Thursday, January 8, 2009

Democratic Majority

No, I don't mean the Democratic majority in the Congress.

When I took another look at photos of the meeting of The Club of presidents at the White House yesterday, something occurred to me. After Obama's inauguration, a majority of them will be Democrats. The Club will have five members: Democrats Obama, Carter and Clinton, and the two George Bushes, both, of course, Republican.

That has not been true since Harry Truman's death on December 26, 1972. From March 28, 1969 (Dwight Eisenhower's death) to December 26, 1972, The Club consisted of Democrats Truman and Lyndon Johnson, and one Republican, the then-incumbent President Richard Nixon.

There was also a Democratic majority after Herbert Hoover's death on October 20, 1964, until January 20, 1969, when Nixon was first inaugurated. The Club's members during that period were Democrats Johnson and Truman, and Eisenhower, a Republican.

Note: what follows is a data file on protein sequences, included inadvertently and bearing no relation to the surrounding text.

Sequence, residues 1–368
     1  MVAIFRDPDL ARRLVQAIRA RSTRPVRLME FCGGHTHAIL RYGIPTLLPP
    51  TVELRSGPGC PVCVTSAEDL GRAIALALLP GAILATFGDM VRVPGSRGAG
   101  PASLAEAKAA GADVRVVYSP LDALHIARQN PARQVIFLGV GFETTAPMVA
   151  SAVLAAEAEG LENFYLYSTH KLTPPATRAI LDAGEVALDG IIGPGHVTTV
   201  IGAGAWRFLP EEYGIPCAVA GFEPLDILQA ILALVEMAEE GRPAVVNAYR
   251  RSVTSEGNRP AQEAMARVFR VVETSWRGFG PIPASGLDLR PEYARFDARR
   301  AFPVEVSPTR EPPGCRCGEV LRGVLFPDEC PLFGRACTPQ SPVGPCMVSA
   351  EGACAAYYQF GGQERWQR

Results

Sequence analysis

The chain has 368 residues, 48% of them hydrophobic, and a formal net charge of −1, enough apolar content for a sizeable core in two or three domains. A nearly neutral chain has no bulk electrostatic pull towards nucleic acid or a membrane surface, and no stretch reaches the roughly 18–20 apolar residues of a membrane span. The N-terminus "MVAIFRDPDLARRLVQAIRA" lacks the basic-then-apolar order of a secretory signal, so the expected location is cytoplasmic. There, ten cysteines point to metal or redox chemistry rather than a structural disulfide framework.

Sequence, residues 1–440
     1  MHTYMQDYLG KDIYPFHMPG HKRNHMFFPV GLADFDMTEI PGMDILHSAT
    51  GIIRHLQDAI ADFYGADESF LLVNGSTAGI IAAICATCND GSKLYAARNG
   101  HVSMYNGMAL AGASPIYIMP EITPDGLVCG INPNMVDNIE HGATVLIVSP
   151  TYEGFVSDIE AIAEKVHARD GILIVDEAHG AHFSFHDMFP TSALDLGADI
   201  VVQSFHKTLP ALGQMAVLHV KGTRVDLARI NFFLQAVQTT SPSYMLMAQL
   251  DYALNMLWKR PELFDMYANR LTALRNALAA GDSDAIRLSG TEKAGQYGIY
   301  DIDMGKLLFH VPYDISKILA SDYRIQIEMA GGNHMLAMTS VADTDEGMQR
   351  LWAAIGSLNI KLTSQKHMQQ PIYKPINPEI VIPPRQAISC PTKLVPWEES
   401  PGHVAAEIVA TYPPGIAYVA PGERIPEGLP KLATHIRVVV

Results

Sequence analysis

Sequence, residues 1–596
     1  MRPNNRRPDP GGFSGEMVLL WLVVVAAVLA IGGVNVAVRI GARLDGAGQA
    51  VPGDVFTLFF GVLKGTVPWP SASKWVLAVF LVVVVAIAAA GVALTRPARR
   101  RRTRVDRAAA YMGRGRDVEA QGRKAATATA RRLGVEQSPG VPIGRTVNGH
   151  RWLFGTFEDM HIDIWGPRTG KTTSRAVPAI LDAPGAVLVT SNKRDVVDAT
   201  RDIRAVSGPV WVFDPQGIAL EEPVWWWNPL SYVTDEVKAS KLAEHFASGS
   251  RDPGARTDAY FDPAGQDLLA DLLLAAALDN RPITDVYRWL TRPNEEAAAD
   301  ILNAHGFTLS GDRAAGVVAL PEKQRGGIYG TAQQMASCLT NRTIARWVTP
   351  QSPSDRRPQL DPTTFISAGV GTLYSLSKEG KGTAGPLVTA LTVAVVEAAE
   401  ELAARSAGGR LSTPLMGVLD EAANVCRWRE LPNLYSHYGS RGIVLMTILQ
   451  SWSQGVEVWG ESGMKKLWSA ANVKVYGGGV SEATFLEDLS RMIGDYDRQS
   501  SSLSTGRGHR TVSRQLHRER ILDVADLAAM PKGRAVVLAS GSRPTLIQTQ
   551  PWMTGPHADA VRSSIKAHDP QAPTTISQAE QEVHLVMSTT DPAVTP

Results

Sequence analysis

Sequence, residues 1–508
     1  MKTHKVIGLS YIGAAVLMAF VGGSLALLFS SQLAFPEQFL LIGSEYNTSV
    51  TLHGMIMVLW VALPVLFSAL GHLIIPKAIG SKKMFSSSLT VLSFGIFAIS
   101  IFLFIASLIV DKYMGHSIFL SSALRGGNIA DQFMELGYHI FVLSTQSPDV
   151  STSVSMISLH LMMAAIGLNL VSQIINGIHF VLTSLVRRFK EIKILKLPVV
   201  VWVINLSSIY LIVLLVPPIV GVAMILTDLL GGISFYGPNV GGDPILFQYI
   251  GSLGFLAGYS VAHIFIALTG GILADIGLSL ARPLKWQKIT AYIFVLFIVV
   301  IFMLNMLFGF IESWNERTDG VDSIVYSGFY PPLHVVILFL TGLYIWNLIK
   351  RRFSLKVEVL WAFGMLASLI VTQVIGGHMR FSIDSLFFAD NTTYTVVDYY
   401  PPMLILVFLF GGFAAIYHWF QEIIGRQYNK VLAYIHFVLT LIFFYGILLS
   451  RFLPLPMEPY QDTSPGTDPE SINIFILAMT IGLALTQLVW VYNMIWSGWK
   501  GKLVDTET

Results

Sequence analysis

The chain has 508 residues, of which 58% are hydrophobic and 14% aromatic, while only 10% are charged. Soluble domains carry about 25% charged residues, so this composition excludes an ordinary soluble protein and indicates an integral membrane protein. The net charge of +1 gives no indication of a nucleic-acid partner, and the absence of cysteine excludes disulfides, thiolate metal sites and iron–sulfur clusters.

We have to go back a century to find the last previous such period. Some of the pre-Civil War Democrats died during the 1860s, including Martin Van Buren, James Buchanan and Franklin Pierce. By 1869, The Club was split between Democrat Millard Fillmore and the Republican incumbent Ulysses Grant. (I'm leaving Andrew Johnson out of this analysis, because he's difficult to classify.) Not until 1964 was there another Democratic majority.

As I noted earlier, these data are tracked on Wikipedia.

This is mainly attributable to the fact that, during the period that the two-party system as we currently know it has existed, i.e., since the 1856 election, there have been twice as many Republican presidents as Democrats (again, excluding Andrew Johnson).

Up to and including George W. Bush, there have been 18 Republican presidents during that period, and only 9 Democrats. However, those Democrats have been in office for an average of 6.7 years, while the Republicans averaged only 4.9 years. In terms of years, it's about a 60/40 split between Republican and Democratic presidents, respectively.

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